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The small yellow building on the corner of Volkhonka and Bolshoi Znamensky Lane is the former mansion of the Dolgoruky family of Grand-Princes. At one time this building housed the first boy's grammar-school in Moscow.
This building on the corner of Volkhonka is a greatly-remodeled mansion formerly belonging to the Dolgoruky family of Grand-Princes in the C18th. For a short while parts of the estate were incorporated into a grand wooden-built palace erected for the stay of Catherine the Great in the capital – when she came to sign a Peace Treaty with Turkey. This wooden palace complex also spread onto the grounds of the adjoining Lopukhin and Golovin estates.
The Empress Catherine II later bought the Dolgoruky Palace, and presented it to Field-Marshal Rumyantsev of Trans-Danubia as a parting gift when she left the city. The Field-Marshal had been a hero of exactly the Turkish Wars of 1775 which the Peace Treaty ended. The Field-Marshal lived here for 18 years – after which the house passed through many hands, was serially rebuilt, and then severely damaged in the post-Napoleonic fires of 1812. After its restoration it became the first Grammar-School for Boys in Moscow. The Grammar School remained located here until the Russian Revolution in 1917. Its graduates include many famous Russian writers, academics and public figures.
The 1st Grammar School For Boys was long considered one of the best educational institutions in Moscow. The school prepared its pupils to enter Moscow University, and for careers in the Civil Service. The course of studies originally lasted four years. Boys studied Latin and other languages, history, philosophy, art history, grammar, and even political economy. The course was subsequently lengthened to run for 8 years, at which time Religious Law, logic, literature and law were added to the curriculum. Study at the Grammar School was expensive for parents, and the boys were held to a severe code of conduct. The fashionable areas of Kuznetsky Most and Tverskoy Boulevard were placed out of bounds for the scholars, nor were they permitted to enter restaurants or cafes.
The Cathedral of Christ the Saviour is a cathedral on the northern bank of the Moskva River, a few blocks southwest of the Kremlin. With an overall height of 103 metres it is the tallest Orthodox Christian church in the world.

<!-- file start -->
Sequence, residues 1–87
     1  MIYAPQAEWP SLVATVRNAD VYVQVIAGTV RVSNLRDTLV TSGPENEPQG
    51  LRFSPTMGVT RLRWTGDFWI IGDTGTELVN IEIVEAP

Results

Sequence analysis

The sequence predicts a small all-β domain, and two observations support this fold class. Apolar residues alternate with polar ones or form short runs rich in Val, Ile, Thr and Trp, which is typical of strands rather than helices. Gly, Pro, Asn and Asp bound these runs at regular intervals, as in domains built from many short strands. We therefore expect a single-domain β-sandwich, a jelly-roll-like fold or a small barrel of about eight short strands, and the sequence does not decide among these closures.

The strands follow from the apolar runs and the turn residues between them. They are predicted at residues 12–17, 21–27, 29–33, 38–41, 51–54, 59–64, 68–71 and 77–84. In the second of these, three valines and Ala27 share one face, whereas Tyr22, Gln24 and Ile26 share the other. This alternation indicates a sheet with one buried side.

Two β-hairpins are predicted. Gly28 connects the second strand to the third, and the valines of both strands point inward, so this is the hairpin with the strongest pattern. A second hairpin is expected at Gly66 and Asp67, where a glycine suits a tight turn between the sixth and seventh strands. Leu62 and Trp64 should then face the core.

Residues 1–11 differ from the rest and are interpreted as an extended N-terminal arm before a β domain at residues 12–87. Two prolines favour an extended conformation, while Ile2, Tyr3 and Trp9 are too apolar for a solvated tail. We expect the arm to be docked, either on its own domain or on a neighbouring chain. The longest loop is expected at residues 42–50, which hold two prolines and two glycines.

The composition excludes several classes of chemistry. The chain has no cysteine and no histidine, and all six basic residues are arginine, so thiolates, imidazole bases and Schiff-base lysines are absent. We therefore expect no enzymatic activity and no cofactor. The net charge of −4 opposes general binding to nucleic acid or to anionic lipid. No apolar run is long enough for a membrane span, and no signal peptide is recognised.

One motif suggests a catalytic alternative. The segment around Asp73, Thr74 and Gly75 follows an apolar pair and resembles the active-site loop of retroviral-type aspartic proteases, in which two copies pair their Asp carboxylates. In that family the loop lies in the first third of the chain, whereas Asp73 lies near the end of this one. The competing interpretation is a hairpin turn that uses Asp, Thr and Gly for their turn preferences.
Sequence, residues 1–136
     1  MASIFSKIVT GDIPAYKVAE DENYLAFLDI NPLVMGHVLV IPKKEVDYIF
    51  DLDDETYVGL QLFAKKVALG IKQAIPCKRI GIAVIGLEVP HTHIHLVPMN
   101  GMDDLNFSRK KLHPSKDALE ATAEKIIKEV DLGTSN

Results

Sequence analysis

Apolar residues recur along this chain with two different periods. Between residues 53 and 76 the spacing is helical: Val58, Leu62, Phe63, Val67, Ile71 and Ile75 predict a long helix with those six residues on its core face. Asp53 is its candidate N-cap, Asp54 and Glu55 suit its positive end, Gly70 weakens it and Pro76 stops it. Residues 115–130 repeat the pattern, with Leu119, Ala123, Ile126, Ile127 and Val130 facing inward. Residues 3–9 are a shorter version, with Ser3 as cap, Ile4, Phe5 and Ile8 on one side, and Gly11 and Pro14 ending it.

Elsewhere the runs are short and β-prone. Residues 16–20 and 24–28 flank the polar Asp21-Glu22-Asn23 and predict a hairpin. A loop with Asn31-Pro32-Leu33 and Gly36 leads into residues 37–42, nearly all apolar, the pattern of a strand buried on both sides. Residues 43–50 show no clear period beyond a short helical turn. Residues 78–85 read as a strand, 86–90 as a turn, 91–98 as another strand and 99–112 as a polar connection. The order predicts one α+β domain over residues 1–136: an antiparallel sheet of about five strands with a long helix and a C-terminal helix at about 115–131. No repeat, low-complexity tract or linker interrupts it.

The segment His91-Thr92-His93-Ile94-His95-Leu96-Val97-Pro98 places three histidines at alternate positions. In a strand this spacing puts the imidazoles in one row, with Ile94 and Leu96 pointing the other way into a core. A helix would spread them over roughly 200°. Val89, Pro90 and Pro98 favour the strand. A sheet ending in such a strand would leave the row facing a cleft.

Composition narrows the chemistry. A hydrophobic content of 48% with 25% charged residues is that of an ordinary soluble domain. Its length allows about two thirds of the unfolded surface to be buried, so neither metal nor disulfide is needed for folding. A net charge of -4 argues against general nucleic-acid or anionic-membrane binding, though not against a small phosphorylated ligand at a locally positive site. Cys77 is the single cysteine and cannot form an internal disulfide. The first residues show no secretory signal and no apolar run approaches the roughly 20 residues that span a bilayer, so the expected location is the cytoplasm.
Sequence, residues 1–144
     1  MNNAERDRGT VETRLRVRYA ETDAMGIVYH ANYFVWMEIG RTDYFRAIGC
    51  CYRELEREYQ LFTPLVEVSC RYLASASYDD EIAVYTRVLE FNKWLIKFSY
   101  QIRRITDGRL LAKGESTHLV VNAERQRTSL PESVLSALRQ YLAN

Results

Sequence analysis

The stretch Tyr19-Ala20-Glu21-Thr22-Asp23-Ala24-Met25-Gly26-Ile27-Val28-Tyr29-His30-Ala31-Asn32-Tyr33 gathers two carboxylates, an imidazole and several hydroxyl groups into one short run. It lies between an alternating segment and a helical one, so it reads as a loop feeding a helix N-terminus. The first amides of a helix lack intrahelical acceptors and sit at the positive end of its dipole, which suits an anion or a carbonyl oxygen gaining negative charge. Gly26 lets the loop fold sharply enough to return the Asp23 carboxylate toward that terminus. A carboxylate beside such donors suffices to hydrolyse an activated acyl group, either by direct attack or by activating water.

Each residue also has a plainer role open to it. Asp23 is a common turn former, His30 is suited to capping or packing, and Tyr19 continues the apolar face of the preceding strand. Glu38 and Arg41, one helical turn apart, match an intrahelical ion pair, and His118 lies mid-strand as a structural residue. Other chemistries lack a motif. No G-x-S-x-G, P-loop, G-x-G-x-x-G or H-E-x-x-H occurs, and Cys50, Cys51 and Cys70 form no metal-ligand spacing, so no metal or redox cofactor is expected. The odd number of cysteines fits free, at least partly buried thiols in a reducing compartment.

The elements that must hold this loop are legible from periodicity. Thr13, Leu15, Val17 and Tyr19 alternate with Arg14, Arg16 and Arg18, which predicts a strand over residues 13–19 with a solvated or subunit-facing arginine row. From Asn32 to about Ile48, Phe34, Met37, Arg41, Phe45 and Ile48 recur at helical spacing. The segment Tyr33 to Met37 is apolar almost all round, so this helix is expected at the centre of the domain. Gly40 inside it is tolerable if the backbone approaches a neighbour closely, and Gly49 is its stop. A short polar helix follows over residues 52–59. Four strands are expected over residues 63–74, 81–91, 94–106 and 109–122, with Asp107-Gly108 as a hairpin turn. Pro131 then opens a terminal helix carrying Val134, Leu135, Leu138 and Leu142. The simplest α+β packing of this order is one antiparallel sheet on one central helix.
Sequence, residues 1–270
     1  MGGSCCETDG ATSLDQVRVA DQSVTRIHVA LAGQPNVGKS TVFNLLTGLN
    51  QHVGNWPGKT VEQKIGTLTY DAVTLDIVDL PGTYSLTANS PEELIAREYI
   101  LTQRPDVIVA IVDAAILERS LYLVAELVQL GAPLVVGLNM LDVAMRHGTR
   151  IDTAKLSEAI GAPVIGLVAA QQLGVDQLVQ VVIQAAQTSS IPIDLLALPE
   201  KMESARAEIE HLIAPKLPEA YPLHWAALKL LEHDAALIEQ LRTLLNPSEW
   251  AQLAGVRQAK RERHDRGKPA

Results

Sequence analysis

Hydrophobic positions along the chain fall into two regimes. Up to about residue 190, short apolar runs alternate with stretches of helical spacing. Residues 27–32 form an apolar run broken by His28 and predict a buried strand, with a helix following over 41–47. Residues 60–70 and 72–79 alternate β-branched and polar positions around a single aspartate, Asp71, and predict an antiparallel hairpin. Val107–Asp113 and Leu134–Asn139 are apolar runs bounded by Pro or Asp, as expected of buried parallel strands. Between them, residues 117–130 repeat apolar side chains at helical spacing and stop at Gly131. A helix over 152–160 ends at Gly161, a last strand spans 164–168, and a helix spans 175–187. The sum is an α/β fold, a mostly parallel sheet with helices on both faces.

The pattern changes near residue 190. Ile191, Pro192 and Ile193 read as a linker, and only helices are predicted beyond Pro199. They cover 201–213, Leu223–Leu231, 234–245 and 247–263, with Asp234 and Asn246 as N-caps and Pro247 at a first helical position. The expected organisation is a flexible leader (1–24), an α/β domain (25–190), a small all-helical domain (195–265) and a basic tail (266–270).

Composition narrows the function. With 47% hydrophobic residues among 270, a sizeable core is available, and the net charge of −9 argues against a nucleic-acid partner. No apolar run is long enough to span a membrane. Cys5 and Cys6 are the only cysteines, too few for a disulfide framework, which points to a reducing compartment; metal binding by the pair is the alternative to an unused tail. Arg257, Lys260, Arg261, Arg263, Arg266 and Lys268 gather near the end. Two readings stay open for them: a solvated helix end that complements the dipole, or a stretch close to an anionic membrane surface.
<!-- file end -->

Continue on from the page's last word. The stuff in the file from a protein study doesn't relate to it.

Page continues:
The current church is the second to stand on this site. The original church, built during the 19th century, took more than 40 years to build. It was destroyed in 1931 during the Communist rule of Joseph Stalin. The demolition was supposed to make way for a colossal Palace of the Soviets that was never built, so the church was reconstructed in the 1990s on the same site.
The Cathedral is located on Volkhonka Street, which starts from Borovitskaya Square. The name of the street appeared at the end of the XVIII century when on the lands of the Volkonskis, a famous noble family was a popular tavern "Volkhonka". The street is one of the most ancient in Moscow. It was famous as a district for the rich.
This district is going to become Moscow Museum District. During the tour you will see and have the opportunity to visit a number of art museums: The Tsvetkovsky Gallery, The Ilya Glazunov Art Gallery, The Lopukhin Family Mansion (aka the Roerich Museum), Gallery of European and American Art of the C19th and C20th, The Pushkin Museum of Fine Arts, The Museum of Private Collections. While walking here you will understand why Moscow used to be accepted as a beautiful jewelry box. In the lanes you will discover old mansions and fall in love with stories of Russian noble families. Such are The Golitsyn Mansion, The Lopukhin Family Mansion, Obolonsky's Mansion, Sergey Tretyakov's Mansion etc. The Chambers of Averky Kirillov - a unique example of a large urban homestead. Chambers, Church of St. Nicholas and outbuildings along the waterfront are a single architectural complex.
Another bright example of Moscow architecture is Pertsova's Rental Apartment Mansions. The house was an apartment house, located on the corner of Soymonovsky passage and Prechistenskaya embankment, built in 1905-1907 by architects N. Zhukov and B.N. Shnaubert on sketches of the artist S.V. Malyutin, author of Russian nesting dolls. The house includes apartments and artists' studios in the upper attic of the building.